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Coaches: Are Your Player’s Mirroring Your Negative Behaviors?

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The kid that pouts in right field. The hitter who argues with the umpire. The player who makes excuses after a mistake…

That’s a reflection of you, the coach. You, or someone along the way taught him that. It’s a reflection of your actions, reactions, and responses to situations over the course of time.

Oh yea. That time you argued with the umpire for the championship game of the Silver Platinum Elite 1000 tournament. Yup, your players saw that. And they will take that as an appropriate response when they see another bad umpire along the way.

When you shake your head and look to the sky after one of your player’s makes an error. Yup, they all saw that too. So from then on, when one of their teammates makes an error, they see that as the appropriate response to the situation.

When you bring little energy and seem to have little interest in being there. Guess who will feel the same way? Yup, you guessed it, the entire team can feel that lack of energy and will respond in a similar way.

Everything you do as a coach, teacher, or leader is seen. But not only is it seen, it’s reflected in a frighteningly similar way. Your players look up to you and trust that what you’re doing will lead them down the right path.

Yes, this is a steep responsibility, and one that is taken for granted. The imprint you leave on your player’s lives is much more than you realize.

I saw a coach a few weeks ago who insisted on grilling the umpire for 7 straight innings on balls and strikes. After the second inning I took particular notice to how the player’s reacted after balls and strikes were called.

The responses were extremely poor and negative. Almost as if they had surrendered to the umpire and were no longer willing to compete.

Yes, I must admit this umpire was not very good. But he was also the same umpire calling balls and strikes for the other team, and I noticed a strikingly different response from this team. When a bad call was made, the coach and hitter would look at each other and smile. The coach shrugged his shoulders almost as if to say to the player, “who cares, have some fun.”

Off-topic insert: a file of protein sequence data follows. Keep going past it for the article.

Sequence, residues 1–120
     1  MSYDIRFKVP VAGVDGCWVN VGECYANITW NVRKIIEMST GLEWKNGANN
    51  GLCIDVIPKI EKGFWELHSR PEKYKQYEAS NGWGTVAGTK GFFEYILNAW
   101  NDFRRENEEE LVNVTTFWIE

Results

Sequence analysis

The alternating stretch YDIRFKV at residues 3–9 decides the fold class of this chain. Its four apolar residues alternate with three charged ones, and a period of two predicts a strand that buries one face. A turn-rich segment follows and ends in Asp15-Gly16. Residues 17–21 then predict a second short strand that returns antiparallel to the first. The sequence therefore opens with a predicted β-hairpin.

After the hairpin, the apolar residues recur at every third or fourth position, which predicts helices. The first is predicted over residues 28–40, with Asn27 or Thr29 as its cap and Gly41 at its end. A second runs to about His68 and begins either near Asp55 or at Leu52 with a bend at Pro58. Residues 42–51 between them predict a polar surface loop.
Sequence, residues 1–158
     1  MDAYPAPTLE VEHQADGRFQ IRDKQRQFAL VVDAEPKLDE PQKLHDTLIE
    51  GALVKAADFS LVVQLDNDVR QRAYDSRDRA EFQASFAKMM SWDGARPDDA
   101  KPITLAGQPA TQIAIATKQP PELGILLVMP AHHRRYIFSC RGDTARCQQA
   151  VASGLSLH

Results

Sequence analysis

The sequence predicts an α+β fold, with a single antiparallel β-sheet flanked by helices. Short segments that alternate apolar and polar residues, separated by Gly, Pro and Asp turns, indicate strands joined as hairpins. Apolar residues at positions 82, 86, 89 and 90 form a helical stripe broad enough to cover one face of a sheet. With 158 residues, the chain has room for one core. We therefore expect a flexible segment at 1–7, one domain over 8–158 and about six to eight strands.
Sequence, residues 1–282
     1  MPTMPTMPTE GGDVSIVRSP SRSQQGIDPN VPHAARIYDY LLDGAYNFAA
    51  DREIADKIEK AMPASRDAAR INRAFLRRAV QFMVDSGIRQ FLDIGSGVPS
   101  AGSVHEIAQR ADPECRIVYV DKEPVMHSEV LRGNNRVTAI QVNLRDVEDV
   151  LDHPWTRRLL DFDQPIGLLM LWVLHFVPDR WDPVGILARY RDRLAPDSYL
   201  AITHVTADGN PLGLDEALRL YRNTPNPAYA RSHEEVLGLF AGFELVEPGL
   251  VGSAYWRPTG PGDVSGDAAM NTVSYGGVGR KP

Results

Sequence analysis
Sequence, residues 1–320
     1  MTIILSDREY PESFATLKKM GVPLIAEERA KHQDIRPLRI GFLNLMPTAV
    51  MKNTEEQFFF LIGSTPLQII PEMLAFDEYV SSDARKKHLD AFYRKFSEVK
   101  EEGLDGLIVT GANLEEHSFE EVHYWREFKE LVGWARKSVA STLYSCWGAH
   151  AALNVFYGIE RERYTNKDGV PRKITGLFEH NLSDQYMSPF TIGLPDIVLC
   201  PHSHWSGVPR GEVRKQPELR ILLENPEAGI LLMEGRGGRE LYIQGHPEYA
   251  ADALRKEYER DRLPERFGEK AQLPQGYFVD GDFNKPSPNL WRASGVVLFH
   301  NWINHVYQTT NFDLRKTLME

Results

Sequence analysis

None of the players on this team ever complained at a bad call the entire game. Most of them smiled, got back in the batters box, and continued to compete to the best of their ability.

Can you guess which team won the game?

Yup, the “smilers”.

The “smilers” notched 7 hits, walked 4 times, and scored 5 runs to win the game 5-0.

I bet you’re wondering the stat line for the other team, which I will call the “whiners”. I wish I was exaggerating this stat line to make the story sound cooler, but I’m not:

1 hit, 0 walks, 0 runs, 15 strikeouts. In 7 innings of baseball. They quit. They had an excuse. The umpire was not very good.

But their coach was the one who initiated this response from the very first inning of the game! His players only responded in a way that they saw appropriate from their leader!

This holds true as a parent as well. Your kids reactions on the field is a direct correlation of you!

It’s funny, every year when I start coaching a new team, I can tell almost immediately the dad of each player on my team. It takes me one game.

And it’s not because the player looks like the dad, it’s how the player reacts in comparison to the dad!

The dad who’s screaming in the stands when the shortstop makes an error is probably the dad of the player who’s over at second base shaking his head at the shortstop.

Take notice of this next time you’re at a game.

So what’s the moral of the story?

Respond and react to situations the way you want your players to react to such situations.

EVERYTHING you do as a coach, parent, or leader is not only observed, but is also imitated by those who look up to you as a role model. As a person with this responsibility, it’s important to understand this! Your value goes beyond teaching a certain craft such as baseball.

You’re imprinting their lives!

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About Brian Hamm

My name is Brian Hamm and I am all about "Baseball Development". Through my journey as a high school and college player, I always felt that a competitive advantage eluded me. I constantly researched and discovered new resources, ideas, and theories that have shaped how I coach today. It’s my goal to work relentlessly in order to give my players, clients, and coaches the biggest competitive advantage that will allow them to reach their full potential. My mission is to spread my knowledge to baseball players around the world and help change the developmental process forever.

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